Adam lazzara dating
When local artists who actually are special and noteworthy gain wider attention (the Avett Brothers, for example), or when artists who are successful choose to move back to their home state (Lazzara), they're often either dismissed (as sell-outs, I suppose? That's unfortunate, and CL is going to avoid playing that game. They may be too pop-punk for some tastes, or not musically adventurous enough for those who prefer "avant-" attached to their genre of choice.But Lazzara and his family have chosen to live in Charlotte; they get their coffee at Smelly Cat and go see shows at the Neighborhood Theatre.I was curious why, and the answer — at least in Lazzara's mind — is in a comment he made during my interview with him for this week's cover story: "I don't think people in Charlotte like my band all that much." I'm not so sure that's true.I think it's something a bit more complex, something that has as much to do with Charlotte itself as it does with Lazzara or Taking Back Sunday.
The group is wrapping up their Long Island recording session and pre-production with Mike Sapone (Brand New, Straylight Run), who’s been a close comrade of the band since their early days, but for the first time is billed officially as producer for the upcoming record.
We caught up with Lazzara to talk about the logistics of the new album (Hint: They’re “free agents” on this one), the group’s return to the newly renovated Starland Ballroom, and the artists he can’t get enough of right now. We’re recording eight songs with Mark Hudson, who’s a great friend of ours and travels with us, in Michigan.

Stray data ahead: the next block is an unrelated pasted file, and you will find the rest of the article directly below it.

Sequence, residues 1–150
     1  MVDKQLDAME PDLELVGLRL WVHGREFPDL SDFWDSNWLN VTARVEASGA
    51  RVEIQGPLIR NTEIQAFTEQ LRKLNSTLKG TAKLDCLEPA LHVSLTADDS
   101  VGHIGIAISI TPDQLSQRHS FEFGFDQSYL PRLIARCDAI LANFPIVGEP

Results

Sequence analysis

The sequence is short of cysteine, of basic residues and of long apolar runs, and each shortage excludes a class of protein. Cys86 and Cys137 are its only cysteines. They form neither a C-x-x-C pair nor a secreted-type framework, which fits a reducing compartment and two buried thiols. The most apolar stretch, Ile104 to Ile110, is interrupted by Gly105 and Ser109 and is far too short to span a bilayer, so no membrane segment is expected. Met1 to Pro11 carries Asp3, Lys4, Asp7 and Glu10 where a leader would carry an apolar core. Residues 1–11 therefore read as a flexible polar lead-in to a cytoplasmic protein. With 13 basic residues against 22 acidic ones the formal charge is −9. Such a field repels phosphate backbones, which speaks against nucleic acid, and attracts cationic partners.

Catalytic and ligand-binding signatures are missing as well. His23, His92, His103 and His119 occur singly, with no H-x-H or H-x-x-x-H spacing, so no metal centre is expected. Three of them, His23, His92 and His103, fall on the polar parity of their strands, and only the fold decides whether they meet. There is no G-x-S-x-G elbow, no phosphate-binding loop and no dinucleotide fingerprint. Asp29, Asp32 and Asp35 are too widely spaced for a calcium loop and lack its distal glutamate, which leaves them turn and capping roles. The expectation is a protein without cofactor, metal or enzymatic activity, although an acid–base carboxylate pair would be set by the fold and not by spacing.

In early June, the band took to Twitter to share the good news that you’re recording your sixth studio album! Is the recording process for this record any different for you guys? Then we’re doing five songs on Long Island with Mike Sapone, who did our original demos way back when. Maybe in the past there were other outside influences and things steering us in one direction or another. When you get stagnant, like [you might] in a relationship with someone or anything in life, that’s normally when something needs to get shaken up. We spent all these years trying to fit into this world of “you need a hit” and the right “single,” and then I think what we’re realizing is that, when you take that pressure out of the equation, those types of songs just appear.
— to be almost embarrassed of anything smacking of celebrity or mainstream appeal.
Obviously, this underground/mainstream divide is hardly exclusive to Charlotte, but it seems to be a particularly raw topic here.